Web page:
By Angela Watson

Researchers often find as many questions as answers in their work. Hence, the common refrain “more research is needed” often found in the last paragraph of studies. However, it has occurred to me that the problem with research into the effects of the arts is not merely one of more research needed, but also the need for quality research.

Americans are prone to believe that with most things more is better, but when it comes to research, that is not always or even usually true. In my recent tours of art institutions across the country and in meetings with stakeholders, I have become increasingly aware of the proliferation of meaningless metrics in the art world.

I have been told with wide-eyed surety from arts institution representatives of the validity of so-and-so’s large scale survey results, all based on self-reports with a who-knows-what kind of response rate (which can grossly bias results). While I generally believe that more information is better, poorly designed research can cause more problems than it solves because it provides us with shoddy information in an arena with little information to begin with. This is because those who “design” the studies don’t really know what they are doing or how to do it properly. Further, they may be incentivized through mission or money to find a particular result. This could lead to dishonest outcomes or, and probably more often the case, well-meaning studies with poor design that then mislead unsuspecting stakeholders.

As a basis for my concerns, I will relay an experience I had on a recent arts institution visit. I was talking with a stakeholder about research and funders that often want XYZ intervention measured as a way to account for the money spent. She showed me a survey that was currently being given to young students after an arts related intervention. There were 18 questions covering 7 different constructs or ideas. When I raised my eyebrows, she smiled and said, “I know, but the funder wanted all of these measured, so that is what we had to do.” It is not possible to effectively answer 7 different constructs with 18 questions, and if we believe whatever answer this type of research spits out, then we are foolish. This is a perfect example of the meaningless metrics of which I speak.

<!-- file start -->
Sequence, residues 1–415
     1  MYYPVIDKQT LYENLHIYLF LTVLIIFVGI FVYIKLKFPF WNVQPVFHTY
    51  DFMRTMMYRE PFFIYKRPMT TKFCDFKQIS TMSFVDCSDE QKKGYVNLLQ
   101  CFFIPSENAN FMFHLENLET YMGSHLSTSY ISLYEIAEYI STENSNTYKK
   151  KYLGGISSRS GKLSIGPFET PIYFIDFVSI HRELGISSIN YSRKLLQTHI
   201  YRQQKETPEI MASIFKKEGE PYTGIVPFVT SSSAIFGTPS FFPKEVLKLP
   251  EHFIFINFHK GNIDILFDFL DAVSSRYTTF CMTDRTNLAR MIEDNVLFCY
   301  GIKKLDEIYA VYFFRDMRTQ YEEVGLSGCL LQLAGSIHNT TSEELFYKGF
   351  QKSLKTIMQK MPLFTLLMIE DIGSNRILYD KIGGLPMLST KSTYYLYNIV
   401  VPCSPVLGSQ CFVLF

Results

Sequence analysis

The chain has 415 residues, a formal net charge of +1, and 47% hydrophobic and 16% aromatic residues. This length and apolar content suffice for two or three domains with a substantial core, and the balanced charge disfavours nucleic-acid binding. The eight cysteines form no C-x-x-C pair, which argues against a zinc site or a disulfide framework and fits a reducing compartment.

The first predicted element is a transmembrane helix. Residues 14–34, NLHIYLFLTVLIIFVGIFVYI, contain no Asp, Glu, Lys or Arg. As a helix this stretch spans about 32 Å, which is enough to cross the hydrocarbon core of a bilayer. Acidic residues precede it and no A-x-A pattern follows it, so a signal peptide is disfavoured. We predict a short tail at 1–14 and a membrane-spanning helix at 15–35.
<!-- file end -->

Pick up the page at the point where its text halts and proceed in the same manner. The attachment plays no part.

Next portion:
Further, in speaking with a private research consultant about this issue, she said that a lot of this type of research is a racket. The funders want XYZ program measured. The stakeholder says okay, designs an ill-prepared and poorly designed study, implements it, and reports whatever findings back to the funder, all the while knowing that none of it is worth the paper it is written on.

At another recent arts event, I was speaking to an arts institution stakeholder about a program they were implementing. I suggested it should be studied. She quipped back, “Not everything has to be measured.” As a researcher, I was taken a little aback, “of course everything that matters should be measured” I thought to myself. But, upon reflection, she was right. If we can’t measure it well, if we don’t have the time or the money to design a study with a modicum of care and integrity, then we shouldn’t even try to measure it.

In our rush to study and our desire to believe, we must not sully the waters with a mirk of trashy research. Some of these arts interventions are difficult to measure, and more research IS needed. But, that research needs to be high quality, otherwise all concerned are better to save their time and money to spend on something that has a chance of helping. And, don’t be fooled into thinking that meaningless metrics don’t matter. They do. People make decisions, million dollar decisions that affect real people, based on these numbers.


 Angela Watson is a Distinguished Doctoral Fellow and Research Assistant in the Department of Education Reform at the University of Arkansas.